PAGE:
I wrote most of the post — which was filled with details* of my bus savvy, my kids’ bus running abilities, and my entire family’s general awesomeness — before I decided against sharing it. It reminded me too much of the posts I wrote in the early days of this blog, which, when I look back at them, make me cringe. I wasn’t all that young (34) when I started writing here, and I’d certainly seen a fair amount of the real world. And yet, much of what I wrote back then – a combination of breathless, pro-Metro posts and tales of all the extreme stuff I did on the bus — comes across as either impossibly naïve or incredibly smug. Maybe both. Metro cheerleader with a side of self-congratulation.
What I was missing back then – or at least, what I failed to give enough attention to – is just how privileged I am to be able to live the life I do. I have access and options and adequate income and support and flexibility and health. Many – perhaps even most – people do not.
Encouraging ridership has its place, but these days, I’m much more interested in fighting for an affordable, accessible, sustainable transportation system that serves everyone.
Back in the day, my Metro cheerleading was based, in large part, on a desire to encourage people to make better environmental choices. Though the desire to live more lightly on the planet had a lot to do with why I gave up my car, it doesn’t have anything to do with why I love the bus.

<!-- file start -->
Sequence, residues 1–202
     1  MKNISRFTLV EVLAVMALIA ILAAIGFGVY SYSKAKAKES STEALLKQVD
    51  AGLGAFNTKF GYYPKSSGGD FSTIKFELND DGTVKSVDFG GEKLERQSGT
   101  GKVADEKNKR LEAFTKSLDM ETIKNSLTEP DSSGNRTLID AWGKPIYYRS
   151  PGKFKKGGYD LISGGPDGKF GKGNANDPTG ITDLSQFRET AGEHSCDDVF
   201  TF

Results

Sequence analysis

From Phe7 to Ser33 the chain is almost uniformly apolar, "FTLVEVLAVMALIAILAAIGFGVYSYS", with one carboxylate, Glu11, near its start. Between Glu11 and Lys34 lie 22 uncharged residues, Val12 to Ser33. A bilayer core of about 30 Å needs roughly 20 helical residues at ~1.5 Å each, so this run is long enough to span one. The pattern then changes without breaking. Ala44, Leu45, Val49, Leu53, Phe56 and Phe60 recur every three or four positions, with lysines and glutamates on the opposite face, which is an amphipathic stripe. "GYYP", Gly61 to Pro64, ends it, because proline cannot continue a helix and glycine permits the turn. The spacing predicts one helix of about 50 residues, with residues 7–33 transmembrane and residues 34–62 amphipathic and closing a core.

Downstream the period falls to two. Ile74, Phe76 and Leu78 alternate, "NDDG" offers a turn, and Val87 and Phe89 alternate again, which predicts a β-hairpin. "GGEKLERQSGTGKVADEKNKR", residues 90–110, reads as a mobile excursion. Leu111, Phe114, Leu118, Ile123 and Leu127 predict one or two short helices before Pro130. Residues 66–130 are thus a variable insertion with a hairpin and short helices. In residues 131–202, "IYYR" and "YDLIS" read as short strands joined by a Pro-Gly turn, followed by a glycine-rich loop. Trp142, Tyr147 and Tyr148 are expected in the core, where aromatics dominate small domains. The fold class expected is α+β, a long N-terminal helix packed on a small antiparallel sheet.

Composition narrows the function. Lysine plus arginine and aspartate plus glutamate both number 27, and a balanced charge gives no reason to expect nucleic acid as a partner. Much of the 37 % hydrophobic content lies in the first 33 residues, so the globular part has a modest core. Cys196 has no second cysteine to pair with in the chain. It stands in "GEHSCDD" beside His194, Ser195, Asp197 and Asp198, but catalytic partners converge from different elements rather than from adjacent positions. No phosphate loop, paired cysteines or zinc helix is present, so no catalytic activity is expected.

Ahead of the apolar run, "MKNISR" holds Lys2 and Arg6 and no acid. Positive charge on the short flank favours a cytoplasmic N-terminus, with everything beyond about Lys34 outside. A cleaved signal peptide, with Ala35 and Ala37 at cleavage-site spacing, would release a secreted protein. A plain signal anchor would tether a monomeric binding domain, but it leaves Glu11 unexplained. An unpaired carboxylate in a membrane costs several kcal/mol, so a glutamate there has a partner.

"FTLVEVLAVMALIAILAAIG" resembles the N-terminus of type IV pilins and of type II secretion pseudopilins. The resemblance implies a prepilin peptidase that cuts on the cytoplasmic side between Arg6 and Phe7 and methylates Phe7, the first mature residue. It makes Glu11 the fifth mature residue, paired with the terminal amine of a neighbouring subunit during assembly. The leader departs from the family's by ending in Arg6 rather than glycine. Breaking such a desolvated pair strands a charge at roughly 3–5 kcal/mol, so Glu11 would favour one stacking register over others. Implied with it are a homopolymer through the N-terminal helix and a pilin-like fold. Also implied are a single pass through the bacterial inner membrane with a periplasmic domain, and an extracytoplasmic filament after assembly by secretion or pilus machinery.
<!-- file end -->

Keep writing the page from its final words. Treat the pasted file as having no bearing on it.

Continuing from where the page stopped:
As I’ve mentioned, my passion for public transit has its roots in a deep craving for community. The concept of dozens of human beings, of every conceivable appearance and experience, sharing space and conversation, passing through each others’ lives, often making a lasting impression, has always struck me as profoundly beautiful. The individual rides are not always pleasant, but there is beauty in humanity, in connectedness, in the messiness of our lives and interactions.
It is the people on the bus who inspire, infuriate, touch, and teach me. And it is solidarity with those people that motivates me to write and — even (especially) after a week of 10+ rides per day — to continue to choose public transportation.
I am so grateful that I can.
* Just in case you’re interested in the details: 7 (5x), 8 (9x), 14 (1x), 38 (5x), 48 (6x), 50 (18x), Link(8x).
One of my favorite things about public transportation is the culture that develops among riders. There are things we just do, regardless of our life stage or social standing, that identify us as bus (or train) people. If you’ve never hollered for the driver to open the back door, panic rising in your voice; woken from a nap just in time for your stop; or engaged in at least one book discussion or sports debate with a stranger, you haven’t been riding long enough.